4 Simple Steps for Using a Pinless Moisture Meter

Pinless Moisture Meter
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This may be the understatement of the millennium, but the precision, ‘magic’, inexpensive nature and use-of-ease of highly advanced electrical technologies across the spectrum of industry has revolutionised the way businesses do business.  It was a full 100 years ago when researchers began to understand that because materials like wood have electrical properties, they could use that factor to get an understanding of the materials’ moisture content.  Fast forward to today, and you can hold a portable, fully digitised and highly accurate moisture meter in a single hand and get an instant reading for a growing list of materials, now including paper, soil, concrete, grain – and much, much more. (And you can get one at any reputable supplier like RS Components).

Those relatively new to the now vast world of moisture meters are probably most familiar with the pin-type variety, featuring two simple electrodes (the pins) that are pressed into the material.  How much moisture is present in the material will affect the way electrical resistance flows between the two probes – more moisture will result in greater flow, while less moisture impacts the flow.

But there is another moisture meter type you need to know about – because it could be about to make your operations and tasks easier, faster, more flexible, more accurate, and less damaging:

How does a pinless moisture meter work?

Rather than needing to leaves pin holes in that often delicate material like a craftsman’s precious wood, the pinless meter features an electromagnetic sensor pad instead.  Nonetheless, measurements can still be obtained at different depths under the surface, because of the way the electromagnetic signals do the penetrating work to scan a larger area of material with easy, multiple measurements that won’t leave even the tiniest pin hole behind.

If you’ve ever seen a pinless moisture meter in action, it’s something to behold.  Like a doctor quickly moving the stethoscope’s chest piece across your body to get multiple quick feedback for an accurate picture of what’s going on with your heart, watching a pinless moisture meter user in action is very similar as it is moved about with speed and ease, instantly displaying moisture content as a percentage on the display.

And how to use one for yourself?  It couldn’t be easier:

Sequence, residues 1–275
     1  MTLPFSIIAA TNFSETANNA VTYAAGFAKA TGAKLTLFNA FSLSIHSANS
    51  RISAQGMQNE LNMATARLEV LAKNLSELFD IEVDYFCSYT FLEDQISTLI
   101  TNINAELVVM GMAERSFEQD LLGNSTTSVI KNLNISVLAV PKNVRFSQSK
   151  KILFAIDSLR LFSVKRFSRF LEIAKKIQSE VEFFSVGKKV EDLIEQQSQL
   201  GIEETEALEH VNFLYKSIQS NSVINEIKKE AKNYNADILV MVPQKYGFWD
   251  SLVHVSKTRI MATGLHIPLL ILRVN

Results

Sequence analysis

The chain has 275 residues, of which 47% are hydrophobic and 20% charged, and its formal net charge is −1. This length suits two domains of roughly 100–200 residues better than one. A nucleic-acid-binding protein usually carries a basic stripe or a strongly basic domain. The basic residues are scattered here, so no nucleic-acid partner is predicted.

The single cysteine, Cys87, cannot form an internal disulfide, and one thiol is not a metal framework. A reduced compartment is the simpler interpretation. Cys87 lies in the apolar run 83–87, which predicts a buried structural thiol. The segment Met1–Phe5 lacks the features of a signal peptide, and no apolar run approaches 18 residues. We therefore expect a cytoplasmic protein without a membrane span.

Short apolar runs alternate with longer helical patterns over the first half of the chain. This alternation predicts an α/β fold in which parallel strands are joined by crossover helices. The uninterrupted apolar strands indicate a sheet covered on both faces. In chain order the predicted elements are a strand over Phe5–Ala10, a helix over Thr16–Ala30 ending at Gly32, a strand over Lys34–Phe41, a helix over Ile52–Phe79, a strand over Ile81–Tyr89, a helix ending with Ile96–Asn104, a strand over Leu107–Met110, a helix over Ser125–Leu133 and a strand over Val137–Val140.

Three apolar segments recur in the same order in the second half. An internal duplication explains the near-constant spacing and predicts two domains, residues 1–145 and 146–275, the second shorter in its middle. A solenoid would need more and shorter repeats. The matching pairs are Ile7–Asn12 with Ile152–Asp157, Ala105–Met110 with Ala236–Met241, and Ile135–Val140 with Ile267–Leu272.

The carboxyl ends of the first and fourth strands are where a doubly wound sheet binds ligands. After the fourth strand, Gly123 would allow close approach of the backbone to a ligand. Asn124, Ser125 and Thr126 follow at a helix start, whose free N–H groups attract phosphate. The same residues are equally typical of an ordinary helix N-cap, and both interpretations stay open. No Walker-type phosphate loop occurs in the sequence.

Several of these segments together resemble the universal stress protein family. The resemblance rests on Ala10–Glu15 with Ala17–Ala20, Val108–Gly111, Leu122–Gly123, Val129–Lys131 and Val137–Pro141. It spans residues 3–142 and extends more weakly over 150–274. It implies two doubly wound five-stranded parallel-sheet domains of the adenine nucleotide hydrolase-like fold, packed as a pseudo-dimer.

1. Inspect

Before starting, do a visual inspection of the material in question, checking for obvious signs of moisture.

2. Baseline reading

Let’s say you’re a builder or a building inspector, and you want to check a section of plasterboard for moisture content.  Based on your visual inspection, take a reading from an obviously dry section of wall – that’s your baseline reading.

3. Comparative reading

Now, move on to the sections of plasterboard that you’re most concerned about, and take rapid, multiple readings close to one another simply by moving the activated meter around the immediate area in small increments.

4. Moisture map

Many modern pinless moisture meters include recording and analytical tools that take those multiple spot readings and can effectively ‘map’ the varying moisture content of a large area of material, enabling unprecedentedly fast, accurate and revealing insights into wider moisture distribution.

Of course, with so many moisture meter models and options across the pinless and pin-type device categories, the precise usage instructions should be obtained directly from the manual.  In some cases, a pinless moisture meter can give the user a wider, more general overview of affected moisture areas before reverting to a pin-type variety for a highly specific reading between those probes at a precise physical depth.  Bear in mind that multi-meters featuring both pinless and pin-type capabilities can also be a wise choice for organisations, but always check in with an expert to get tailored advice for your specific application, project or industry.

Author: Mack Allen

Mack Allen is the author of Elite Home Ideas and the founder of ebizz.co.uk. He has worked with authors for a decade to help them build their platform, connect with readers, and sell more guest posts.